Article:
As artists and business people, we should strive for excellence and ethical practices in our work. Not everyone wants to go the distance and that, unfortunately, reflects on the rest of us.
Case in point, a recent client asked me to print another photographer's work. It seems she hired someone to do a boudoir session that was a "great price." The $400 session included a rented room, 2 bottles of wine, and printing rights to the images. The photographer did not even offer prints or albums of the work. Since the room was rented, room clean up and furniture resetting would be left to housekeeping staff. The images were on a disc but my client could not open the images from the RAW format the photographer supplied. When the images were copied to JPEG my client still could not get them printed at the drug store. Hence she came to me. Her photographer had never given her a usage license for printing or receipt. Once everything was resolved, the images sorted, cropped and retouched, and a few printed for the intended gift, I have a new satisfied client.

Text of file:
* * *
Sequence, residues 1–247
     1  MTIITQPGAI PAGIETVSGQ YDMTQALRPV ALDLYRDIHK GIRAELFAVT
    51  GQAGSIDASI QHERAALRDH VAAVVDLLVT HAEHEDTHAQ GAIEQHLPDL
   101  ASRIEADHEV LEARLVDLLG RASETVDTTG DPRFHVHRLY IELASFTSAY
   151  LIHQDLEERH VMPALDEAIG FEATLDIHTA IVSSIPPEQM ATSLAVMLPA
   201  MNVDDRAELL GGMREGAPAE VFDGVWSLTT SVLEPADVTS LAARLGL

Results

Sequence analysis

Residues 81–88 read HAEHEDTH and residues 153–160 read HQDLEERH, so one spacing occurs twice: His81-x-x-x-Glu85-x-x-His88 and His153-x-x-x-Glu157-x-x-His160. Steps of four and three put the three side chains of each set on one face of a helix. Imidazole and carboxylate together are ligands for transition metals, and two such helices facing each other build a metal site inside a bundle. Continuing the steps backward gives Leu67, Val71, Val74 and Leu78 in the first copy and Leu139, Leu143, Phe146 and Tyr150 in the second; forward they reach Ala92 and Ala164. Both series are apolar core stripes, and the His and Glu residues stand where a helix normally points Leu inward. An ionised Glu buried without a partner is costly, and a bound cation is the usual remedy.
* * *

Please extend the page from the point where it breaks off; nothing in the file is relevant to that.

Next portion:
My point, however, is how many people would just give up--pointing to the questionable photographer? Or be too embarrassed to do anything? How many innkeepers would see the cameras and lights and remember the trashy expense of the last photographer's session? To fellow professionals, keep up your good work, act professionally, and demand others treat you accordingly. PPA and VPPA offer wonderful training and support to all types of Photographic Artists. The proper portfolio and business approach is a great introduction to potential partners and clients.
I am sure there are those who will still see our craft as meaningless; but, just remember the lives we touch when we do our job well.
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